“Ok, here’s a tree.”

            Bir smirked at him.
            He kept pointing and said, “So talk.”

            She didn’t say anything for a few moments, so he spoke up.

            “What?”

            “Well, Jeff, it’s just a baby…” she began.

            “Yeah, so…you only talk to adult trees?”
            “No,” she laughed then. “But it’s not a full-sized tree and like human kids, baby and child trees have a different way of communicating – they’re still learning how to communicate themselves.”

            “Ok, well for the sake of it can you just try talking to this one? It’s looking rather blizzard-like out there now. I’d rather not walk around right outside looking for an adult-sized tree – unless of course you want to?”

            “No, Jeff. You’re right.” She smiled at the little tree then, made that same whistling sound and Jeff stared at the little tree hoping for some little stirring or movement but there was nothing he could see.

            Bir then raised her eyes up at him and said, “It needs water. He’s thirsty.”

            “Oh, right.” Makes sense, he thought, rolling his eyes internally.

            Bir waved at the barista and asked for some water for the tree.

            As she watered the tree, she took on a mothering expression and gentle soothing noises escaped her throat.

            She then looked sad and her eyes were watering as she spoke next.

            “The tree is sad. It misses the forest, and its mother and father.”

            “What do the others say?”
            “Oh, so many of them that are planted in planters and outdoor containers say the same sorts of things.”

            “That they miss the …wild?

            “The forest, Jeff.”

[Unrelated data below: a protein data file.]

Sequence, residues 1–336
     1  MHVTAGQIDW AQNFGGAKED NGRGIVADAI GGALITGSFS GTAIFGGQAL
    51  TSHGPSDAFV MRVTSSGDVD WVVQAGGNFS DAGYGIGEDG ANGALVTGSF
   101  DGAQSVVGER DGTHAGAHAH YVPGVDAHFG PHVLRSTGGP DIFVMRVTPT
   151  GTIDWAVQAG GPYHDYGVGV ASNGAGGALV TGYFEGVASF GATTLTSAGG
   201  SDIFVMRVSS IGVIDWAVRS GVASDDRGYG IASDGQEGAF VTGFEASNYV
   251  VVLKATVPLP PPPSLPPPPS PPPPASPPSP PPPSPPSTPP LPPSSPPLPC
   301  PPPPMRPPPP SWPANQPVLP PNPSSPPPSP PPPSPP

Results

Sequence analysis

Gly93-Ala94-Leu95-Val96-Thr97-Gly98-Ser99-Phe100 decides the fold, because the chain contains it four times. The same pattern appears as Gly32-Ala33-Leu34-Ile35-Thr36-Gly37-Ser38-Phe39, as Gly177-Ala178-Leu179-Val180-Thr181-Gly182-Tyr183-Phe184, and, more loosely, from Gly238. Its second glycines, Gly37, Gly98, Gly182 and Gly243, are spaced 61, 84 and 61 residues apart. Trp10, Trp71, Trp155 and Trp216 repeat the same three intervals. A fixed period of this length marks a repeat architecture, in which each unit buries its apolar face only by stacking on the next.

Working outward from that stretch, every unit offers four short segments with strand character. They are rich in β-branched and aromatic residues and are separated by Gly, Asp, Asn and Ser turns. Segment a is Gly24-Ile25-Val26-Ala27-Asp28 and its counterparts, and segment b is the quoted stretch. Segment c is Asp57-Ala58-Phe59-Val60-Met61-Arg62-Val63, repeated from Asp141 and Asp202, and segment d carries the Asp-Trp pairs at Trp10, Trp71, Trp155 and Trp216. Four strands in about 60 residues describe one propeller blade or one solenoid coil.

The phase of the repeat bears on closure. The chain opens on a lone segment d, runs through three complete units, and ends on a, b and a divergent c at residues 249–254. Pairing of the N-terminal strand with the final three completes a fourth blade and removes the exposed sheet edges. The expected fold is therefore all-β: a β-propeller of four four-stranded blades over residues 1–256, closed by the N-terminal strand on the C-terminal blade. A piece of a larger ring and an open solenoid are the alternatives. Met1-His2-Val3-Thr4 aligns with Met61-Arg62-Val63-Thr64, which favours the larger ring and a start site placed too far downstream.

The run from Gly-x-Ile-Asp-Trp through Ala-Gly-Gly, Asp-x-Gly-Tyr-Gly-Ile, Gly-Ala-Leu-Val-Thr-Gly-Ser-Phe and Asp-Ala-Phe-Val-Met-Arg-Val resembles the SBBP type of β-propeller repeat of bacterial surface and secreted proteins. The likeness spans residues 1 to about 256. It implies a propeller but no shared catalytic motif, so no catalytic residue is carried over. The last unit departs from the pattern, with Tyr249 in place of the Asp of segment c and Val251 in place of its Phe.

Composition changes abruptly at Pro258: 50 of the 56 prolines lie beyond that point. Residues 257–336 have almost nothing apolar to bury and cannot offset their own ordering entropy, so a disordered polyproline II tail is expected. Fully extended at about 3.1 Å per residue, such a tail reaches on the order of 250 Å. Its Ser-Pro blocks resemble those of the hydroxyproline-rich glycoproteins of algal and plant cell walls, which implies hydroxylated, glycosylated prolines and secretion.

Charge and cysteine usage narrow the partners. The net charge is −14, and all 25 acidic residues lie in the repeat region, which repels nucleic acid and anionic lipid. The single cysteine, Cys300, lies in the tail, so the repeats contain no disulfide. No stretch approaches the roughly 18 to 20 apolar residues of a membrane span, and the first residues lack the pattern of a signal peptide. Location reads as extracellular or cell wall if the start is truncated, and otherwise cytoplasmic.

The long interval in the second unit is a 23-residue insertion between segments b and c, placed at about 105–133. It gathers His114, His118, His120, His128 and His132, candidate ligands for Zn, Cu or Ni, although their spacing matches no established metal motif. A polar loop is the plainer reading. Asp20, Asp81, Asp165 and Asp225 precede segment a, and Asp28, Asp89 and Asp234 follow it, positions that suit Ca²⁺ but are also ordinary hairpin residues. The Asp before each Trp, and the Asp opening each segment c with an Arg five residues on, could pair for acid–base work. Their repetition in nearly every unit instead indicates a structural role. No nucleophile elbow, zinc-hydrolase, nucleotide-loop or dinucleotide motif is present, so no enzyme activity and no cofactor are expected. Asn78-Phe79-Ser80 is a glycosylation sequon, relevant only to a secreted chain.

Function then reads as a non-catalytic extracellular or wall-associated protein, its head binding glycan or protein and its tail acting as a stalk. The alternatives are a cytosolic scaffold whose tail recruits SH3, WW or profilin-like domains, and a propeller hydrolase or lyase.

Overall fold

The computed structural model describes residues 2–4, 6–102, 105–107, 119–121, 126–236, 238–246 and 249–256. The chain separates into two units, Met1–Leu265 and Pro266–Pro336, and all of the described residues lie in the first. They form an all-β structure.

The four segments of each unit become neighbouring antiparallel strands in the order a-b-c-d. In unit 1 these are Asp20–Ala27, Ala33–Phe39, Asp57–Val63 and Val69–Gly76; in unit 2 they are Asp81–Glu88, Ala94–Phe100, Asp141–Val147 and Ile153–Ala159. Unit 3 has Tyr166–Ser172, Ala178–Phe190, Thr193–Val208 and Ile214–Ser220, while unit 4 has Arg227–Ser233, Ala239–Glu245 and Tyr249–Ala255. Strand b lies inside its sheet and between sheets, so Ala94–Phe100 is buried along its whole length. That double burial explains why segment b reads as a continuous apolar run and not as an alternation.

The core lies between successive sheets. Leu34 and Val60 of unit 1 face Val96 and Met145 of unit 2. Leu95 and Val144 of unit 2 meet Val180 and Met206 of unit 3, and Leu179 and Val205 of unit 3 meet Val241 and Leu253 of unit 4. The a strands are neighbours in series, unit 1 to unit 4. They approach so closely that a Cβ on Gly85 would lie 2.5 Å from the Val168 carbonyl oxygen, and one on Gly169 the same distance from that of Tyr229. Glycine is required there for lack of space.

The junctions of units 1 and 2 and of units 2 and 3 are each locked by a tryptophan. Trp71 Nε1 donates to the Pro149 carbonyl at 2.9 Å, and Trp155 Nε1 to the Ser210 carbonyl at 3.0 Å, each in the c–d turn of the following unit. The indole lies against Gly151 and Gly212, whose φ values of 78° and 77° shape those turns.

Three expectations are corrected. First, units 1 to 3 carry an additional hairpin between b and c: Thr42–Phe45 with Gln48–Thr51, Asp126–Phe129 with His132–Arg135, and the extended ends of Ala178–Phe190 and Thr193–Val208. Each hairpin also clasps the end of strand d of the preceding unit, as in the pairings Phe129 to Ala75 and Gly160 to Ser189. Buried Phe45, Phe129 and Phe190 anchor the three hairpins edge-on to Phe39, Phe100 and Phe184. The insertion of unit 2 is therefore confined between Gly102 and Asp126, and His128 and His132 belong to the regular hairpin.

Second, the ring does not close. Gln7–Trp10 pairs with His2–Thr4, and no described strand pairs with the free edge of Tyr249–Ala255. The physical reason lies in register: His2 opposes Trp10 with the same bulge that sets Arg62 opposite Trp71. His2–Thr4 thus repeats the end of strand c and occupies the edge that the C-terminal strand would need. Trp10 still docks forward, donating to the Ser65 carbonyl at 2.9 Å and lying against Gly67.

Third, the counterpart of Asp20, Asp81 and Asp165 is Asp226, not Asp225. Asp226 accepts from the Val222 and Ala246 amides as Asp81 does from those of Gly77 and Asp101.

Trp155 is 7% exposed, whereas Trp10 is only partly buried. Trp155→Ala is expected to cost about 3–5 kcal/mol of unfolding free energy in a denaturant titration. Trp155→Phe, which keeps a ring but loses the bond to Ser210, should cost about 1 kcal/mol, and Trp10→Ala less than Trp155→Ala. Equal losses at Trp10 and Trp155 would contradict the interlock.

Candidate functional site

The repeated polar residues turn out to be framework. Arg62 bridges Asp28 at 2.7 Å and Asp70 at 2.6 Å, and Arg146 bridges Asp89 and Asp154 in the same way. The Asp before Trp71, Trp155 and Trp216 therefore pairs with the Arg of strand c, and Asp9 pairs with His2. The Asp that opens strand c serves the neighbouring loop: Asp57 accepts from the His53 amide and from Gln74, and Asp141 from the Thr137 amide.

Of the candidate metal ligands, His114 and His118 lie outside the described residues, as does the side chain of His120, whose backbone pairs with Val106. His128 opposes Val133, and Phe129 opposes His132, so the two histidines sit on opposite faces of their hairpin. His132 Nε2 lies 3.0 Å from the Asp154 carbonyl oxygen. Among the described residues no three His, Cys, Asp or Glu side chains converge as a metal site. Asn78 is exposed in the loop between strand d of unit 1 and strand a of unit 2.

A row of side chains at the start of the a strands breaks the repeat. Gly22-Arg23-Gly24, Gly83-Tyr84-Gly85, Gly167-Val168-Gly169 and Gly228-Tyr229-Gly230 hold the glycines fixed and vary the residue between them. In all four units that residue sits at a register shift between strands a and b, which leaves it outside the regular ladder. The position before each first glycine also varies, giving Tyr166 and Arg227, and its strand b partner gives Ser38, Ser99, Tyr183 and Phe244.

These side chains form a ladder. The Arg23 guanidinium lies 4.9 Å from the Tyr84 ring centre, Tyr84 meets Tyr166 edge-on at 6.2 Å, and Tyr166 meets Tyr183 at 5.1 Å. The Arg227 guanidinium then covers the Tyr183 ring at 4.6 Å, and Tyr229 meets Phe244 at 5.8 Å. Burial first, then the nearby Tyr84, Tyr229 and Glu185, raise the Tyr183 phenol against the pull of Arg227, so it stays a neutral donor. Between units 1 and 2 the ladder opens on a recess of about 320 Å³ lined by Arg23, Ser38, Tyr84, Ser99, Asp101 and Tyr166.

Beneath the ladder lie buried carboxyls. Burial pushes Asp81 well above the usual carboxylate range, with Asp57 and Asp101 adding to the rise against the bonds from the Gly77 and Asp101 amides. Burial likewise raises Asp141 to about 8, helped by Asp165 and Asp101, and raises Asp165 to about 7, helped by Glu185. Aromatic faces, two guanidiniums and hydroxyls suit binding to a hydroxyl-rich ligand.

“Right. What I meant.”

            “What about the branches? Like in the planters that you…ahem…took?”  He was glad he’d caught himself, he had almost said “stole.”

            She looked dumb-founded.

            “What do you think they’re going to say, Jeff?”
            She shook her head in disbelief as he failed to answer her and then said, “They’re dead, they say nothing.”
            “Oh right, my mistake.”

            “Have you met any happy trees then? What do the ones not in ‘captivity’ say?”

            “Oh, they are just glowing with happiness and radiate all around them. Some of them complain about being sunburnt.”

            “Excuse me?”
            “Their leaves are browning from the sun in the summer time. Last summer was really hot, we didn’t get much rain.”

            “Okay, so tell me about your business side then. What do you want?”

            “I don’t want any more trees being cut down than necessary.

            I think more trees need to be planted than cut down.”
            “I agree with you Bir. But I have to be honest with you about the business card.”
            “Oh. Mmm…Okay.”
            “It’s creepy with that picture on the back.”

            “Uh, okay. Continue”

            “Most people want to save trees and would buy trees from you if you were a little less…harsh.”

            “Ok, thanks Jeff. I appreciated the coffee and the cookie. Did you get your story?
            “Look Bir, I like you and if I write it, you’re going to look crazy. Would you want that? People are not going to believe that you really are a tree or that you talk to trees.”

            “Do you, Jeff? Believe in me?”

            “I wish I did, Bir. I do.”

            Bir got up then, angry. She pushed her chair in and grabbed her coat, threw it on and stormed out.

            Jeff stared at the empty seat where Bir had sat.

            Then he concentrated hard on the Christmas tree still on the table – in front of him.

            “C’mon, talk to me little guy.”

            Nothing happened.

            And he felt nothing, nothing but sadness for Bir.